The chassis, or under-carriage to which the wheels on which the machine runs before rising into the air are affixed, is built of 18 and 16 gauge tubing. The wheels are placed at the back of the chassis, a pair of stout ash skids with upturned ends being fixed to the forward ends of the chassis. These skids are to enable the machine on landing to slide along the ground until the wheels touch the ground. The chassis is attached to the main frame at the forward end, below the engine, by means of stout tubes, which carry a cross-bar on which the chassis can move on a kind of hinge, so that when the skids touch the ground they tilt the chassis so that the wheels come into action, the shock being taken up by strong tension springs attached to each end of the chassis. The wheels are very strongly, yet lightly, built. They are 24in. in diameter, and have 7in. hubs, running on plain bronze bearings. Each wheel, complete with 3in. pneumatic tyre, weighs only 3½lbs., some of the lightest ever put on an aeroplane. The tyres are special aeroplanes ones, manufactured by Messrs. A. V. Roe and Co., London and Manchester. They are chiefly composed of canvas, vulcanised, with a thin layer of rubber on the tread. The small amount of rubber in their composition, of course, allows of their being so light. They have no beaded or wire edge, and are held on to the rim by the pressure of the air inside, so that the harder they are pumped the tighter they grip. Being of such wide section, they are especially suitable for running over the marshy ground often met with on flying grounds. The after part of the machine is supported on the ground by a single pneumatic shod cycle wheel…this part was unreadable…tube fastened to the under side of the frame, carrying a coil spring under compression, which enables the wheel to give to the shock of landing or going over bumpy ground. The total weight of the machine is 330lbs. with full oil and petrol tanks.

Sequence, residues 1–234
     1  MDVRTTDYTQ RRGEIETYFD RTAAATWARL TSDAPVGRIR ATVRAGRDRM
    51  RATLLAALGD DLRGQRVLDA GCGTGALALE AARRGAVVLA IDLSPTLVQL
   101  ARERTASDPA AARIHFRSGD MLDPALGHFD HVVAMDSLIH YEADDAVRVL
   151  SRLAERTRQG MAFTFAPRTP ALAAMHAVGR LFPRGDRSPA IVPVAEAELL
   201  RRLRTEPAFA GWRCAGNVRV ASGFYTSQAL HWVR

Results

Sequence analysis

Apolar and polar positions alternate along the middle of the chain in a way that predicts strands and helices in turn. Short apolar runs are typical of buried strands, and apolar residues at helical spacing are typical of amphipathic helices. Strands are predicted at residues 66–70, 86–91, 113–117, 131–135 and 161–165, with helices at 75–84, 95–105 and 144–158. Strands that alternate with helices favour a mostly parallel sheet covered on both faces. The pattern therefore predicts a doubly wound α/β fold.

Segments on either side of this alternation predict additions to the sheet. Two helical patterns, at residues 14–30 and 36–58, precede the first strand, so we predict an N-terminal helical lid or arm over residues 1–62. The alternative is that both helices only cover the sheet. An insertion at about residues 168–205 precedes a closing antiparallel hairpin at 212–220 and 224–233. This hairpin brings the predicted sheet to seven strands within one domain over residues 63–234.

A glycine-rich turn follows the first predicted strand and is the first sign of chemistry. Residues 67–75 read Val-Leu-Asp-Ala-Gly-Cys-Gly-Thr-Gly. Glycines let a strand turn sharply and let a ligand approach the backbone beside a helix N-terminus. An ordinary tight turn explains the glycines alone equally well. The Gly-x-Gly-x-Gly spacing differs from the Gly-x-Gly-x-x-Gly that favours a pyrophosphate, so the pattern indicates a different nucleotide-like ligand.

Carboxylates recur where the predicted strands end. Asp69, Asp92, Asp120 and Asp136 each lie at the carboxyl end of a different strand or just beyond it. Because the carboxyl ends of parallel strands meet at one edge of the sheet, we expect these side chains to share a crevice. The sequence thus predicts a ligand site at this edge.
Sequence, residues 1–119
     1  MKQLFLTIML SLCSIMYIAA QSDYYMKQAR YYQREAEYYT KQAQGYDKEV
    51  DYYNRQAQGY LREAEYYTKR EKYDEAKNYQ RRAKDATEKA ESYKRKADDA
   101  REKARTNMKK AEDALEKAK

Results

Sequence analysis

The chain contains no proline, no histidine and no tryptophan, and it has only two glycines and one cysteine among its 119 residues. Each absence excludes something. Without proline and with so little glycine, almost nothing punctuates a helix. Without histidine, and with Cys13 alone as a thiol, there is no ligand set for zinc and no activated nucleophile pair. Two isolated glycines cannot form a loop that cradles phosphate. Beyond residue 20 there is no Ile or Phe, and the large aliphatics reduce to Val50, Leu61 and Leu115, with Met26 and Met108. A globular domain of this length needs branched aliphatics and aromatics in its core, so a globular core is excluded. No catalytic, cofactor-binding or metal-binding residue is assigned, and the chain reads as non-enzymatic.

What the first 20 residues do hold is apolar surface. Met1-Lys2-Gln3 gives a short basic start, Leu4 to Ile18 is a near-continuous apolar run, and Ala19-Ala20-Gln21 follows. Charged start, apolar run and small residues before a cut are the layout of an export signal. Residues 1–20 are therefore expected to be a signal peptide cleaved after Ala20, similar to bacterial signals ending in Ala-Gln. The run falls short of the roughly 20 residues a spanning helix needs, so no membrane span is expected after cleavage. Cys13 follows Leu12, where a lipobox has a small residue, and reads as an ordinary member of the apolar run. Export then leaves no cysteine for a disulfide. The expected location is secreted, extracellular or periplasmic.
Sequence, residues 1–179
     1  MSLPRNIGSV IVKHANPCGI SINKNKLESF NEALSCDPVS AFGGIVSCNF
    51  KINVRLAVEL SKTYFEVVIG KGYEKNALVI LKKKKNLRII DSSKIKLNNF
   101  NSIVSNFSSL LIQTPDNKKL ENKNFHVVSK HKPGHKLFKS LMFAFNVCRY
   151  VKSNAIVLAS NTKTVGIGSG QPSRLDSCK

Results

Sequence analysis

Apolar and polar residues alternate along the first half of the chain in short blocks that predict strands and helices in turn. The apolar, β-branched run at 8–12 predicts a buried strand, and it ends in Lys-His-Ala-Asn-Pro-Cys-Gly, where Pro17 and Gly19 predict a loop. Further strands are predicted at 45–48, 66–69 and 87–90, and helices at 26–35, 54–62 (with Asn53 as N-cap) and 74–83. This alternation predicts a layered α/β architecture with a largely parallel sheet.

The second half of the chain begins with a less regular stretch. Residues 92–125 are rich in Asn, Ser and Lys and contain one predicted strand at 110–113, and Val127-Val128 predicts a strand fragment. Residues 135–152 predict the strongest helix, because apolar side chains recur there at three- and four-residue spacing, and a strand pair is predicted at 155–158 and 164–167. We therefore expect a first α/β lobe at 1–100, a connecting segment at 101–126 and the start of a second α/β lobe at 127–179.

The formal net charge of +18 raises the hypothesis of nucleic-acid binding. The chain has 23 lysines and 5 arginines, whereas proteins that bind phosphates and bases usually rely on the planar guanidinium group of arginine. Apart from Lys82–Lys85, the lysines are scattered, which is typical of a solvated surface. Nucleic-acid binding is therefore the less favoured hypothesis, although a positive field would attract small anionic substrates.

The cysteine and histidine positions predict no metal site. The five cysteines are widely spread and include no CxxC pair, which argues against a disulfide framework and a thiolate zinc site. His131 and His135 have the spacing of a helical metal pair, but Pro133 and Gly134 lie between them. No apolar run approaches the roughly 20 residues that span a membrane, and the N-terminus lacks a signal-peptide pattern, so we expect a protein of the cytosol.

The motive power is furnished by a four cylinder J.A.P. aeroplane petrol motor, and built by the famous firm of J.A. Prestwich and Co. (Tottenham). The cylinders are set at an angle of 120 degrees, and each cylinder has a 95 millimetre bore by 110 stroke. The engine, which weighs 130lbs., develops 25 horse power at 1,500 revolutions per minute; but as it can work up to 2,000 revolutions it has an ample reserve of power. Each cylinder is drilled at the bottom of the piston stroke with a number of auxiliary exhaust ports. Following the usual aeroplane practice the exhaust pipes have no silencers, and discharge direct into the air. The lubrication of the engine is affected by means of two patent J.A.P. automatic lubricators. The tractor screw is Messrs. A.V Roe and Co.’s patent adjustable, mounted on the crank shaft of the engine. The crank shaft, it may be mentioned, is hollow, and, as the engine is set traversely in the frame, there is a free passage of air right through the shaft, thus helping to keep it and the bearing cool. The tractor consists of two walnut wood blades fixed to two detachable brass arms fitting into brass sockets, so that in the event of either blade being damaged another can be inserted. The arms are, for security, double bolted into the sockets. The pitch of the tractor screw is 2½ft. and the sweep of the screw is 6ft. 6in., so that it should enable the machine to attain a speed of 40 miles an hour with the engine making 1,500 revolutions per minute. The oils and petrol is carried in a cylindrical copper tank, with pointed ends, mounted between the engine and the driver’s seat. The tank will hold 1½ gallons of petrol and ½ gallon of oil. Ignition is by a Bosch magneto, gear driven off the engine shaft. The engine is supplied with gas by means of a J.A.P. patent carburettor, with automatic air inlets, and admission of the air being controlled by a number of balls covering the air-holes, arranged so that as the suction of the engine increases the balls are lifted on after the other and allow more air to enter.